Portraits from another Europe

Literary works

Huelga de controladores aereos, ultimo articulo de Martin Cid

Martin Cid y su opinion

Más en http://www.martincid.com


December 7, 2010 Posted by | Short Stories | , , , | Leave a comment

Jan Steen, pintor de tabernas

Ahora que la taberna como lugar de libertad ha terminado, ahora que ir a un bar comporta plegarse a más normas que en el trabajo, ahora que ya nadie puede cantar, gritar, bailar, beber, fumar…. en un garito. Os dejo lo que era una taberna de la época de Rembrandt: ¡da envidia!

Taberna del pintor Jan Steen

Martín Cid (http://www.martincid.com ) es autor de las novelas Ariza, Un Siglo de Cenizas, Los 7 Pecados de Eminescu y del ensayo Propaganda, Mentiras y Montaje de Atracción.

December 5, 2010 Posted by | Short Stories | , , , , , | Leave a comment

Leopoldo I de Habsburgo con traje de teatro.

Emperador Leopoldo I

Este sí que es un retrato de la “otra Europa”. Cuando estuve en Praga no dejé de apreciar el austero modo de vestir del señor Leopoldo I, retratado por todos los museos y retratado siempre con un atuendo sencillo.

Debía ser simpático el tal Leopoldo que, por cierto, se casó con la infanta Margarita, protagonista de las Meninas. Tuvo con ella 4 hijos y, después de disfrazarse juntos en bailes y teatros, la chica murió de sobreparto.

El óleo se pintó en 1667 por Jan Thomas.
Se encuentra en el Kunsthistorische Museum, Viena

Más sobre Martín Cid: http://www.martincid.com

November 30, 2010 Posted by | Short Stories | , , , | Leave a comment

Muerte del general Riego

por Martín Cid http://www.martincid.com

Muerte del general Riego (fte. wikispaces)

Muerte del general Rafael de Riego

: ejecución en la horca -ocurrida el día 7 de noviembre de 1823-, tras ser arrastrado en una espuerta por las calles de Madrid hasta la Plaza de la Cebada. El cadáver de Riego debía ser decapitado y descuartizado, y enviada la cabeza a la localidad gaditana de Las Cabezas de San Juan, donde el entonces comandante Riego había proclamado la Constitución del año 12 casi cuatro años atrás, el 1 de enero de 1820, ante su batallón formado en cuadro y que debía haber viajado a América.

November 11, 2010 Posted by | Short Stories | , , , | 1 Comment

Isabel del Río y Martín Cid y Ariza

Isabel del Río y Martín Cid y Ariza

November 6, 2010 Posted by | Short Stories | , , , , , | Leave a comment

About Clarin, a Spanish writer (by Martin Cid)

“Spain is not a country of novelists”. In recent times, it is a strong sentence which could keep some truth if we forgot that not only would be Tolstoi but Clarin, a Spanish author, who would join the 19th century literary achievements, establishing the next century fiction basis.

Clarin was born in Zamora in 1852 but he lived in Oviedo many years. Here, in this wet town, surrounded by mountains, near Bay of Biscay, he wrote his important novel: “The Regenta”. It tells Ana Ozores’ life, a beautiful woman full of feelings and passions, trapped in Vetusta’s hypocritical and conservative society. Vetusta is Oviedo’s literary name and since I am from there, I have breathed from the very beginning the same air as Clarin did and I remember my childhood meeting similar priests, civil servants, pensioners and military men that the book describes: people who walked along ancient streets, far from modern times, near from extinguished memories.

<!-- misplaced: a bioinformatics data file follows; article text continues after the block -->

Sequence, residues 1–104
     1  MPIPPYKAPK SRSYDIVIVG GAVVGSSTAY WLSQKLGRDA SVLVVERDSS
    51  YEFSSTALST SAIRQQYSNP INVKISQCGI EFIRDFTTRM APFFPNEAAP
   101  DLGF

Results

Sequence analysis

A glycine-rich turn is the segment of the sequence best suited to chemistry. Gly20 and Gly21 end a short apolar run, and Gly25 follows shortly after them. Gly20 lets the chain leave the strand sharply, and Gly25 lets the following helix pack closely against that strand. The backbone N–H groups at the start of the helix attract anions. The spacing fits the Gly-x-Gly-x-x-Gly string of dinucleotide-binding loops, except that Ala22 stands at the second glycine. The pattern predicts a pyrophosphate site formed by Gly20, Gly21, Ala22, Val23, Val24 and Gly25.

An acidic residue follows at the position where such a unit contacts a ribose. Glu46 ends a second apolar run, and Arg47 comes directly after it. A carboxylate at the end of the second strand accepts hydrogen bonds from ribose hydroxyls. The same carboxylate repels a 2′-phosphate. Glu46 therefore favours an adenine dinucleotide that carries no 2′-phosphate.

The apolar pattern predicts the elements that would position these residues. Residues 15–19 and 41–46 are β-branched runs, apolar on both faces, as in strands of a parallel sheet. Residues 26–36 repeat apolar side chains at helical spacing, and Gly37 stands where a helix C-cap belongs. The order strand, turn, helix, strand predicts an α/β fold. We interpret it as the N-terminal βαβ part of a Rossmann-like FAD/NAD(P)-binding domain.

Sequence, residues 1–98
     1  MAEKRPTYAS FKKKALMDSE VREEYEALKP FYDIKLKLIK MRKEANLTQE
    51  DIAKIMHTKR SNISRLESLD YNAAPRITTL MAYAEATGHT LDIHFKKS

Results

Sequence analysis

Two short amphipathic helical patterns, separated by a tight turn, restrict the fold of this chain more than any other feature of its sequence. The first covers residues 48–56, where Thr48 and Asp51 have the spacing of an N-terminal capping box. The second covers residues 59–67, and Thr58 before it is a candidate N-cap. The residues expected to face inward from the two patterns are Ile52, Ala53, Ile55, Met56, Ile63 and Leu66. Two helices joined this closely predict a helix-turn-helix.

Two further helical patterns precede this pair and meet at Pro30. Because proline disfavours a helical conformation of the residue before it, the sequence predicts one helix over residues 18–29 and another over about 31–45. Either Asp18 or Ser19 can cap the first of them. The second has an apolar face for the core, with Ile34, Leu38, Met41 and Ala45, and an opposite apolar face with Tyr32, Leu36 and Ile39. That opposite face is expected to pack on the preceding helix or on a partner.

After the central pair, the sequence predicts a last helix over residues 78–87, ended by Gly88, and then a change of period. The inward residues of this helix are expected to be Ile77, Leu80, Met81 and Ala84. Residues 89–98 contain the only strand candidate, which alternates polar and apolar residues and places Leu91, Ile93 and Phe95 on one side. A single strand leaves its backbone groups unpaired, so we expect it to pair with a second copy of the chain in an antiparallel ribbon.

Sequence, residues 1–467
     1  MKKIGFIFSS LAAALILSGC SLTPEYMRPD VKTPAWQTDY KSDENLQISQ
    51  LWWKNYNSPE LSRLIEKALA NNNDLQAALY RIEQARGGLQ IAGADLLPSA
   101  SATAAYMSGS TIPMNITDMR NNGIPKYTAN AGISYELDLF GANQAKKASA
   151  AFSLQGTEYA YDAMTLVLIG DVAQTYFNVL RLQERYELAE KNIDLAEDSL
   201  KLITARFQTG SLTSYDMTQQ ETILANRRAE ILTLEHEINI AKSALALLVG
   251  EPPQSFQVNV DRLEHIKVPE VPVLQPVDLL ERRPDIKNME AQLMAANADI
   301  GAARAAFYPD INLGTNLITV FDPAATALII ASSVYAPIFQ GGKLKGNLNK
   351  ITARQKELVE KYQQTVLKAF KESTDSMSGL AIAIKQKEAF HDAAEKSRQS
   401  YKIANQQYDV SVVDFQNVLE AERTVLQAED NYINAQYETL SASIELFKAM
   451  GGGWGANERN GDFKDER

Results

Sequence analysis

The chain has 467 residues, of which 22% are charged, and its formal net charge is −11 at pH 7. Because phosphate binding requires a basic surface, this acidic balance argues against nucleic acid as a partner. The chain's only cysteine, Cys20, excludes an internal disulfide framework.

In fact, the whole Vetusta smells of Clarin because, in fact, Oviedo was reborn from this great writer’s pen. From every balcony, Ana Ozores is still calling for freedom behind iron railings. In the cathedral, Fermin de Pas, a bitter priest, is trying to win her heart. In the club, Alvaro Mesia is cheating an old, impotent, dizzy husband.

The novel is Vetusta but also Spain skeleton as well as London, Paris or a broken Berlin. In Vetusta, the old Europe is dialoguing with the new one and Ana Ozores is every woman’s reflection. She is a mirror, nothing more… noting less. “The Regenta”, however to be called with the dreadful name of regionalist, is an international story, a landmark in fiction development. It is an innovative island in the middle of a traditional country; it is a new world which sings old lilts.

ClarinClarin sets up from realism (he had constantly correspondence with Galdos, the writer of Madrid’ life and Spanish contemporary history). Galdos goes and comes quickly among a big amount of characters, able to solve adventures and become heroes. Clarin reduces the frantic sequence of happenings to analyze deeply each one of them. He writes slowly and smartly… he arrives at the psychological novel.

This novel goes without teller to be conscious of itself -the point of view-. It claims for its own voice, ethic and atheist… wonderful. From the highness, flying over Vetusta, a vulture introduces us Ana. She is our heroine, muse and cruel goddess; she is the Babylonian myth, the three White goddess’ manifestations fighting secretly and constantly. Nevertheless, our world is different and now she is not a divine creature but a sensitive woman who rememberes old readings, dreams and journeys on a boat. Pages pass as well as years and we see her face at the foreground: “The Regenta”. The nickname comes from his husband’s job, a high authority in the deep town, an old tired man called Victor Quintanar.

Ana is a typical woman from last nineties but she is also a goddess willing to face her fate, beyond Fermin de Pas –the bitter priest- and Alvaro Mesia –a new Don Juan-. She goes far from herself, the same as Madame Bovary did. Flaubert wrote lyrics to a goddess who feelt lost; Clarin, the professor, wakes us up with sharp sentences.

Vetusta is Don Quijote and El Buscon but is Manhattan Transfer too. Clarin mixes Henry James’ brilliant dialogues with Zola’s descriptions. He is a Zaratustra at the top of a mountain, looking proud at a Spain full of knights who fight giant mills, full of kidnapped ladies, poets and dragons. He is the vulture, able to discover new lands and futures.

We are there, walking along the streets of whatever town. We turn a corner and meet the old colonel, the parish and a deformed slave. The vulture smiles. Quasimodo and Esmeralda are following Victor Hugo’s steps. Rabelais is visiting Spain… old dreams always return. Maybe we are beside a woman -married with a civil servant-; perhaps we are a seducer or a priest… but it is sure that we have a place among these old, modern pages.